According to NASA, the following five subjects will be at the heart of future technological developments, sure careers anywhere. (Incidentally, NASA is not the largest space employer; at the height of activity in the mid-1960's, 33,000 were on NASA payroll among the 500,000 believed involved in total space-related activity.)

  1. Electromagnetic properties of solids.
  2. Integrated circuit technology.
  3. Cryogenics and superconductivity.
  4. Microstructures
  5. Coherent radiation and integrated optics technology.
Integrated optics is so new it is not even mentioned in Physics in Perspective. It means achieving in the optical region of the spectrum an analog of the present coherent microwave technology. According to Dr. John R. Pierce, Caltech, it offers the greatest advance in communications since the invention of the transistor.

The following organizations usually have career information to send: American Institute of Aeronautics and Astronautics (AIAA)
1290 Avenue of the Americas
New York, NY 10019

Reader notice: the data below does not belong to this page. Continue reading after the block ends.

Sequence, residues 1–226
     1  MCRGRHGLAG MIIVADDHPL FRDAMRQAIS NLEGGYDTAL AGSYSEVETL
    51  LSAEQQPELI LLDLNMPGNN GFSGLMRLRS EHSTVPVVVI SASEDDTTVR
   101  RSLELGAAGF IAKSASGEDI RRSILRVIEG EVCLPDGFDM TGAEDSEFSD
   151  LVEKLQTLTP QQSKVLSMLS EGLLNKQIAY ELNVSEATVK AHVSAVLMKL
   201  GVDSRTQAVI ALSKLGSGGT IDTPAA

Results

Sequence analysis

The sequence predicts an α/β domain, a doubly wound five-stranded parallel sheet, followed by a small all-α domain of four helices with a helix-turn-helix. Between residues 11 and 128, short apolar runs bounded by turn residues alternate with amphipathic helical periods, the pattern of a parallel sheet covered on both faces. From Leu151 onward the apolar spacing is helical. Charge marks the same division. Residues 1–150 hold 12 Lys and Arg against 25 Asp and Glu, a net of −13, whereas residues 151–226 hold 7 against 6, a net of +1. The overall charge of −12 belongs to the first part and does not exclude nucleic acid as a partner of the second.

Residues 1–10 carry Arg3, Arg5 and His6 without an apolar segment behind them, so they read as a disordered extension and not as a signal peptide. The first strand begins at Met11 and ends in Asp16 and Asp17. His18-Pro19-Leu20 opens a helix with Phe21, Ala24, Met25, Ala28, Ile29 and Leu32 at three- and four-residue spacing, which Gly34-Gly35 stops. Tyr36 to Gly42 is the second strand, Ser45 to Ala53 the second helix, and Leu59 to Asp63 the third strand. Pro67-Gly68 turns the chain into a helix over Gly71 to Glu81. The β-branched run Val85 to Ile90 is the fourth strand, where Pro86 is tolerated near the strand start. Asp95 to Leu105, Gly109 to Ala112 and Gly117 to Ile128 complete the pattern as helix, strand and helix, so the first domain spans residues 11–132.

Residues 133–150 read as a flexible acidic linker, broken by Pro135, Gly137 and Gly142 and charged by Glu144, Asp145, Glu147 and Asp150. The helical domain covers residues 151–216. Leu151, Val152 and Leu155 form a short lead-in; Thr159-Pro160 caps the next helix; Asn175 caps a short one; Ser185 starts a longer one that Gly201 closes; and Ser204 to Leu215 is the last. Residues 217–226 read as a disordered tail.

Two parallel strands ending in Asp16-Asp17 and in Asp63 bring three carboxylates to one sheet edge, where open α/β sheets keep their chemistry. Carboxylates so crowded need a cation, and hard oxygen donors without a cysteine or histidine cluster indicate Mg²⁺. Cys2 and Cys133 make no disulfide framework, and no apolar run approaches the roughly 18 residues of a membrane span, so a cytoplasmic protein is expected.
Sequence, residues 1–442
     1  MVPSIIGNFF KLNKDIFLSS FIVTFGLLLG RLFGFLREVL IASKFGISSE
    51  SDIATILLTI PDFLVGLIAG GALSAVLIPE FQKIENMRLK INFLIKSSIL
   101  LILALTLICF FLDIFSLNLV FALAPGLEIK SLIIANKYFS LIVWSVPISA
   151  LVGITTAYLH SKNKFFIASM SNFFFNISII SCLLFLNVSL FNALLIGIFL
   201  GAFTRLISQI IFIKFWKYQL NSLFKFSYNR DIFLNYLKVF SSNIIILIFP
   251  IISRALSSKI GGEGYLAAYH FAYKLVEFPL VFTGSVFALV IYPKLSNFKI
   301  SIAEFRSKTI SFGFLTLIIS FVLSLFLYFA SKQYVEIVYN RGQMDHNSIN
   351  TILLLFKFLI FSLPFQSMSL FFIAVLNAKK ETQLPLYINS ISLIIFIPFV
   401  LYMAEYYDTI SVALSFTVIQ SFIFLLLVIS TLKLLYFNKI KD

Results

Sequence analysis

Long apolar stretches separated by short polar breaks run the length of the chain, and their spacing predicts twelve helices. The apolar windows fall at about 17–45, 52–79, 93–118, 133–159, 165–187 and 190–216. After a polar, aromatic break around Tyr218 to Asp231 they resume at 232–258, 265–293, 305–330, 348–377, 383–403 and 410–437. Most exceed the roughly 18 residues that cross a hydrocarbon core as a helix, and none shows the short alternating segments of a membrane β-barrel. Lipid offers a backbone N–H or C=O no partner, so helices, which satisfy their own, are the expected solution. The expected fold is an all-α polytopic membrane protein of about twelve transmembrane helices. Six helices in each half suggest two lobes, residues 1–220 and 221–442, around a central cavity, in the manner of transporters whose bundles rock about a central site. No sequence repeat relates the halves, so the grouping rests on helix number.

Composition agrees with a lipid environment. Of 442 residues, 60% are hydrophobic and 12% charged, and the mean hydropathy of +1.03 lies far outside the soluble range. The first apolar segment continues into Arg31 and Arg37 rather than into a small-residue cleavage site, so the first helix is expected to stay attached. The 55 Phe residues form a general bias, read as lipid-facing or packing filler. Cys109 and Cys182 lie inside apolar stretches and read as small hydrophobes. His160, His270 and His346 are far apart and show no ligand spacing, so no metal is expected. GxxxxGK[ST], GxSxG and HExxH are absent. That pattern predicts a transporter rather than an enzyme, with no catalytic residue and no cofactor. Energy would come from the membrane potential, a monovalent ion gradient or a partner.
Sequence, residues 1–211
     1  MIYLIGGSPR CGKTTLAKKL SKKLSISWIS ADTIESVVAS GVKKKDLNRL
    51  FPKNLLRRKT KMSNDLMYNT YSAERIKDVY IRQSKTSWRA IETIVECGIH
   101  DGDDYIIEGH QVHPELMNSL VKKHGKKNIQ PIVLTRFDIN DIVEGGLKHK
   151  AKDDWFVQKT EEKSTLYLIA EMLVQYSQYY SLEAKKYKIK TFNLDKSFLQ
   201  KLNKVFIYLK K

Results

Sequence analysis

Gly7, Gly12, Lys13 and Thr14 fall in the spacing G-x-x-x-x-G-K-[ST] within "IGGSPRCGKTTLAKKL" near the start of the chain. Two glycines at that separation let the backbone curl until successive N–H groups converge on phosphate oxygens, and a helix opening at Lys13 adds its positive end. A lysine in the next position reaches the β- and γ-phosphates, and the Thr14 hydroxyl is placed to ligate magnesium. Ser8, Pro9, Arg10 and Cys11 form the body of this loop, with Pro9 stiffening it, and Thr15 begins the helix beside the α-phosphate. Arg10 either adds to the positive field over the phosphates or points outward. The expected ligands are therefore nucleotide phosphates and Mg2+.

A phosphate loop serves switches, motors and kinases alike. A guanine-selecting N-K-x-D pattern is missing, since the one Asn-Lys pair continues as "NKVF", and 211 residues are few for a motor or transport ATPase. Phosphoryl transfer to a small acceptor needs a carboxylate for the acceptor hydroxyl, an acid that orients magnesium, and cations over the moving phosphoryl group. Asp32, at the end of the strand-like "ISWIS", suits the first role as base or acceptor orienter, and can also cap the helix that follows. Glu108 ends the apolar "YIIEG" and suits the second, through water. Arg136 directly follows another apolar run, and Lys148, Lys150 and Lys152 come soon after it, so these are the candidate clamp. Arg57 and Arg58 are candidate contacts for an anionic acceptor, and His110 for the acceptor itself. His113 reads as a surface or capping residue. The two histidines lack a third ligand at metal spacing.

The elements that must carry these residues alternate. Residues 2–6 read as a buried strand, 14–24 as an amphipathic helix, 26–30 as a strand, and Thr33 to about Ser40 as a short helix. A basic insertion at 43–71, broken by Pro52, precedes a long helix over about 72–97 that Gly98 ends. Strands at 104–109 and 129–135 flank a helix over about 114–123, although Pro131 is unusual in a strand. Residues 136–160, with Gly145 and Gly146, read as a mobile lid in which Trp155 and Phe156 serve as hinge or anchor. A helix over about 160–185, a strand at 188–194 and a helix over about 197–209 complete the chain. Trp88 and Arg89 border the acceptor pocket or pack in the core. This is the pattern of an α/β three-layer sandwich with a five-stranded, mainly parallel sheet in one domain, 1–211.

Aerospace Industries Association of America, Inc.
1725 DeSales St. NW
Washington, DC 20036
Dr. Wayne R. Matson, Educational Services.
Ask for the reprint, "Career Opportunities in the Space Program."

National Aerospace Education Association (NAEA)
806 15th St. NW, Room 338
Washington, DC 20005

NASA Education Programs Division,
Mail Code FE
Washington, DC 20546

The Engineers' Council for Professional Development
345 East 47th St.
New York, NY 10017
Sends lists of institutions for engineering or engineering technology study, those with aerospace departments noted.

NSI can send a list of universities teaching remote sensing, as for interpretation of Landsat images.

For orders to Government Printing office: